Because students will be using their computers to access much of the classroom content and instruction, it will be important for them to regularly unplug and be as active as possible. In between class meetings, students should step away from their computers and reset for the next subject. Finding ways to get outside and stay active will help students stay energized, focused, and positive.
  • Communicate with teachers and advisors

    There will inevitably be challenges, questions, and technical issues that arise as students adapt to learning remotely. Knowing that the transition for students will require assistance, we want students to communicate directly with their teachers and advisors. Email, virtual meetings, and phone calls are all good options. The schedule creates several “office hour” periods scheduled into the week when students will be able to access their teachers and advisors, and they should take full advantage of those times.
  • Stay connected to EHS supports

    Students can and should reach out to the adults on campus who normally offer them support. For academic support, students shouldn’t hesitate to reach out to teachers, advisors, the Academic Support Center, tutors, or even fellow classmates. Students who are enrolled in DASH will be contacted by the learning specialists about setting up regular appointment times. Our counselors and chaplains are also ready and willing to connect and work virtually with students who might be in need of support. As always, the adults on campus are ready and willing to partner with parents to make sure that students are getting the resources that they need.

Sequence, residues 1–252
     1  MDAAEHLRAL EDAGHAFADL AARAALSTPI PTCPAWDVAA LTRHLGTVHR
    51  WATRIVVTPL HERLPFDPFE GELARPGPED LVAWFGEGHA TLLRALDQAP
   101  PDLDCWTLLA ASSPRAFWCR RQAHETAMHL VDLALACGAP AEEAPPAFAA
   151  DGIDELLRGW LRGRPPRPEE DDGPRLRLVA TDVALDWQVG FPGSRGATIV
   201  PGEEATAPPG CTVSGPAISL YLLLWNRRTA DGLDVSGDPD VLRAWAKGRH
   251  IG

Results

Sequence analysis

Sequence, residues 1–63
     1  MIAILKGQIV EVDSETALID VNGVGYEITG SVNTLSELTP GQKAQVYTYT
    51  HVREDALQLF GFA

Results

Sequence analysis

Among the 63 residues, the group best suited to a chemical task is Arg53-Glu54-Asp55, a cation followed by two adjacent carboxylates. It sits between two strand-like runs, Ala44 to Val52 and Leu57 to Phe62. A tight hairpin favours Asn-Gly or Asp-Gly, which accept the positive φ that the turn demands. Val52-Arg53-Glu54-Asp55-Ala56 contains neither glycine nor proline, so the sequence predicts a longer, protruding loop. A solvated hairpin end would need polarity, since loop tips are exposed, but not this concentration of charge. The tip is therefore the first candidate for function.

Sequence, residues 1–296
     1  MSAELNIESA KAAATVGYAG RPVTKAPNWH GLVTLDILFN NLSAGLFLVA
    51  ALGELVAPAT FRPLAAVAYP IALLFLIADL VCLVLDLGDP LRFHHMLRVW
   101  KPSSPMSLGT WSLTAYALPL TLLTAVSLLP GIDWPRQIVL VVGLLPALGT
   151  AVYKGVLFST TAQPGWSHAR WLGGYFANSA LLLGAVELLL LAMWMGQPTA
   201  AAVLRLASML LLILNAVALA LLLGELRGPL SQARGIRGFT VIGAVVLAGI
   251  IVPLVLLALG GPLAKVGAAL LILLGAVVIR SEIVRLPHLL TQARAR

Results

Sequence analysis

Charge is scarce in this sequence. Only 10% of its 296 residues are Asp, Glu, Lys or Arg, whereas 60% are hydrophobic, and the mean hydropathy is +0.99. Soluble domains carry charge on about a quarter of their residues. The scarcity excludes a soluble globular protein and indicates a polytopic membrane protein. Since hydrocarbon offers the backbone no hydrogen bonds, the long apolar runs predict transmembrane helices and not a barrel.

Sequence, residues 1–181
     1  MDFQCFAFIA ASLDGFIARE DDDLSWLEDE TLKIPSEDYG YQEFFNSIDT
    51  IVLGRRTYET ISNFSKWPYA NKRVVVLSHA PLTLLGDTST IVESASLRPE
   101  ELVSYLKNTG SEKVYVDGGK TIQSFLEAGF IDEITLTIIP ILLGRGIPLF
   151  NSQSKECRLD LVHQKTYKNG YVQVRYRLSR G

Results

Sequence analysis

• Work through challenges positively and proactively

    One of the most valuable aspects of distance learning is that it forces students to approach tasks in new and different ways. We encourage students to embrace the new challenges of learning and problem solving, knowing that developing resilience will be one of the most important skills they can take away from this experience. Students will, no doubt, encounter some difficulties and frustrations as they adapt to the new technology and schedule; we encourage them to stay positive and communicative as they work through the challenges that they will face.
  • Stay in touch with friends and classmates

    Students will see each other in virtual classes, and they will collaborate on projects from a distance, but we also want them to make an effort to stay socially connected and involved. The deep sense of community at Episcopal is something that makes life here so meaningful and rewarding, and we encourage students to support each other during this time of physical distance.